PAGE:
Illes Medes, a Mediterranean diving paradise on the Costa Brava

Seven islets just one kilometre away from the town of L’Estartit on the Costa Brava form one of the most attracting diving areas in Europe. Twenty years of protection as a natural marine park have permitted a complete sea-bed recovery, which hosts hundreds of species such as groupers, lobsters or even red coral. Caves, sharper rocks and sand banks captivate thousands of scuba diving lovers each year. Thanks to Illes Medes, L’Estartit has evolved from a little fishing village to an international diving town where tourists from all around the world are regular visitors looking for its submarine views.

Océane Apffel / Marina Presas

June 6, 2013 12:37 AM

L’Estartit (CNA).- In the seaside town of L’Estartit on the Costa Brava the tourist season is longer than three summer months. Visitors from all around the world and locals flock to the town from March to November thanks to seven islets placed just one kilometre away from the shore. The Illes Medes (Medes Islands) hide an outstanding submarine landscape, where groupers, starfishes, lobsters, and red coral welcome the diver. Furthermore, from the 5th to 9th June, L’Estartit is hosting a festival based on submarine photography and cinema, the Medes Imatge i Medi Ambient MIMA (Medes Image and Environment).

The Illes Medes are nowadays part of the Natural Park of Montgrí, les illes Medes i el Baix Ter, the biggest Catalan marine reserve. The largest islet, Meda Gran, is 1.8 square kilometres and 80-metre high but the others are merely huge rocks emerging from the sea. Despite the devastation suffered until the eighties, twenty years of protection have been enough to recover the flora and fauna richness and turn the Illes Medes into an envied spot for sea lovers.

A pristine natural landscape waiting to be discovered

Caves, sharper rocks and sand banks are home to an entire ecosystem where fishes and molluscs live quietly without the worry of being captured for a better life in someone’s stomach. The unspoiled zone tempts divers from around the world for its versatility. The sea-bed has different depths, from ten meters (32.8 ft) to 20 meters (65.5 ft) in depth, a circumstance that lets scuba divers become assiduous visitors. Both beginners and diving experts are able to enjoy the capacity of the natural reserve. More than 80,000 dives are carried out year by year in this area.

International diving centre

The area has an undoubted attraction for divers. According to the owner of one of the eleven diving centres in L’Estartit, Sean Murray, “the foreign clients are amazed at the quantity of fauna and flora they are able to see easily”. “The area is well connected to France and the rest of Europe so we receive a lot of French visitors, as well as scuba diving lovers from Holland, Belgium or Germany.” But what really charms the visitors is the ease with which you can see a lot of species in a low depth sea area. “In Italy or France it is impossible to find the same species you can find here at the same depth. In the Illes Medes it is possible to see red coral, a specie in danger of extinction but reintroduced in the reserve some years ago and a rarity in the rest of Europe”, Murray, owner of Unisub diving centre, explained while was helping scuba divers to put on the neoprens and carry the oxygen tanks.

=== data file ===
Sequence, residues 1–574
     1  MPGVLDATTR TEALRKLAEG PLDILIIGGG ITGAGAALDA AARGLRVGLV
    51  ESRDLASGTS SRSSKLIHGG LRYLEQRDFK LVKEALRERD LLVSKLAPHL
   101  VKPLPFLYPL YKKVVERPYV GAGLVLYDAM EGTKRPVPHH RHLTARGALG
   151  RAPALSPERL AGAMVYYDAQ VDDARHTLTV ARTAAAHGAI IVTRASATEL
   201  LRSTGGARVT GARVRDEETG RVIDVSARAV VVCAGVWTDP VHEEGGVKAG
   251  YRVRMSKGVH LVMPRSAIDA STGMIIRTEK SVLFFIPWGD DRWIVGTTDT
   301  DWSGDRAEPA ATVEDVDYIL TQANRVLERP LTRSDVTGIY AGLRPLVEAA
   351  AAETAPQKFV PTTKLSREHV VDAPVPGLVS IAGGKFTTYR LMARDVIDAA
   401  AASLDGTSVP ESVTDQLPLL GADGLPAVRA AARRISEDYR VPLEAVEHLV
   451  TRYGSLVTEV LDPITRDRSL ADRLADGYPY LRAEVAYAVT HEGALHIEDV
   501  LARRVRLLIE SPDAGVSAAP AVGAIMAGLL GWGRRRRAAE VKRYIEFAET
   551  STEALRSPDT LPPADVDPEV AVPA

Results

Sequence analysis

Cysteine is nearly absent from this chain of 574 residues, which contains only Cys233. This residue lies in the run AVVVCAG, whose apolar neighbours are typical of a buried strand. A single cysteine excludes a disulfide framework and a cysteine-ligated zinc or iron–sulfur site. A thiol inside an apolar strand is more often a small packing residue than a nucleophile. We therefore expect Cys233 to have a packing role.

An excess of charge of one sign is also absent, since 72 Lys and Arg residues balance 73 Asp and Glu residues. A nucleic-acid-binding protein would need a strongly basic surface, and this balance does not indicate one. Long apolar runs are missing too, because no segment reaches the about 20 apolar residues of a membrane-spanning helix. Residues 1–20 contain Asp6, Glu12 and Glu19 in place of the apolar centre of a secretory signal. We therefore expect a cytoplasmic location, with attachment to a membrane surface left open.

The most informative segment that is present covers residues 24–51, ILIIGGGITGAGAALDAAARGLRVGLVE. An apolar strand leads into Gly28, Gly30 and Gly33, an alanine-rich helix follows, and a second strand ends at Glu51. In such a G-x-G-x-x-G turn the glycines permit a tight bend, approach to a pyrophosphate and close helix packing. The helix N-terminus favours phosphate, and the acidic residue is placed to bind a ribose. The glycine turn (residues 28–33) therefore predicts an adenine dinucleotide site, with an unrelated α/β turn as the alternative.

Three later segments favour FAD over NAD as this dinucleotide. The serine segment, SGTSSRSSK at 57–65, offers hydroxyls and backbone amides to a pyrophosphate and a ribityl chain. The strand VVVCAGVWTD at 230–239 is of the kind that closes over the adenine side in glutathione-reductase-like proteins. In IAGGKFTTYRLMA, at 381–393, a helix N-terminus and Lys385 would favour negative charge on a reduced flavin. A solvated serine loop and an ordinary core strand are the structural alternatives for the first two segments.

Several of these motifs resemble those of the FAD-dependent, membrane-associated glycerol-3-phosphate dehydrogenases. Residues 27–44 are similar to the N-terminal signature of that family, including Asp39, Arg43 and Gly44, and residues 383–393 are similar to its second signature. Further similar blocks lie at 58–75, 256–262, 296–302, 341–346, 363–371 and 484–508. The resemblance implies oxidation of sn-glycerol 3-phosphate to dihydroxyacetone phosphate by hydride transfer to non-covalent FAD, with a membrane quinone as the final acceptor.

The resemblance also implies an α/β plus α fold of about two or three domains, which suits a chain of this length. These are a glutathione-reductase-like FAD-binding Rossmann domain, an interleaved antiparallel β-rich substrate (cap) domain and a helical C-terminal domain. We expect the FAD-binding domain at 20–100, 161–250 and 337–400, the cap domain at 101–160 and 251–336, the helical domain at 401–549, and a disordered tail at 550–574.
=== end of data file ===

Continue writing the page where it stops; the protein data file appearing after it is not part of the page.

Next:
Bert Koster from Holland and David Peissel from France are further examples of the hundreds of foreigners that choose the Illes Medes as a diving destination. “I was told Illes Medes was a wonderful site for diving and I am going to check it out”, Koster told CNA before jumping into the sea. Peissel came with a friend. “It has a great reputation in France so I came here for a whole week and today is my third immersion at the islands. I’ve seen a lot of fish banks and the atmosphere is marvellous”, he said.

However, the little islets are also well-known by national tourists. Carles Gonzàlez and Genís Ruiz from Barcelona are veteran divers. They have been diving for more than twenty years and come to the Medes between twenty and thirty times per year. “It is good value for money, the equation between the marine life on show, the euros it costs and the experience gained is really worth it”.

Chronicle of a town transformed

Augusto Prats, a 79 year-old fisherman, repairs his nets on his little boat while crowded vans filled with divers go up and down the port. He was born in L’Estartit when people used to live off the agriculture and fishing and he has seen the transformation of the town. “The tourists arrived during the fifties and people started to rent rooms.” he explained remembering old times. “I was one of the first fishermen to carry scuba divers to the Medes, everything has changed since then”.

Prats is already retired but he thinks that the fishermen’s guild is undervalued by the people in charge of the Natural Park. “The reserve has been a source of wealth for the town but a complete ruin for the fishermen as a whole.” Experienced fishermen consider that “it is more important to focus on furtive coral hunters and some disrespectful divers than hampering fishermen’s work”.

The first diving centre was set up in 1965 and, since then, the town hall and the tourist office have made an effort in order to promote this kind of tourism. In addition, diving is not the only successful activity done at the islets. Marta Vilavedra from the tourist office states that “apart from diving, the town is expanding to other aquatic activities such as kayak, snorkel or boat trips”.

MIMA, an international submarine festival

From the 5th to 9th June, L’Estartit is hosting a festival based on submarine photography and cinema, the Medes Imatge i Medi Ambient MIMA (Medes Image and Environment).  In this event, professional and amateur submarine photographers can display their works in a competition. After twelve editions, MIMA has been established as a valued festival in the diving world.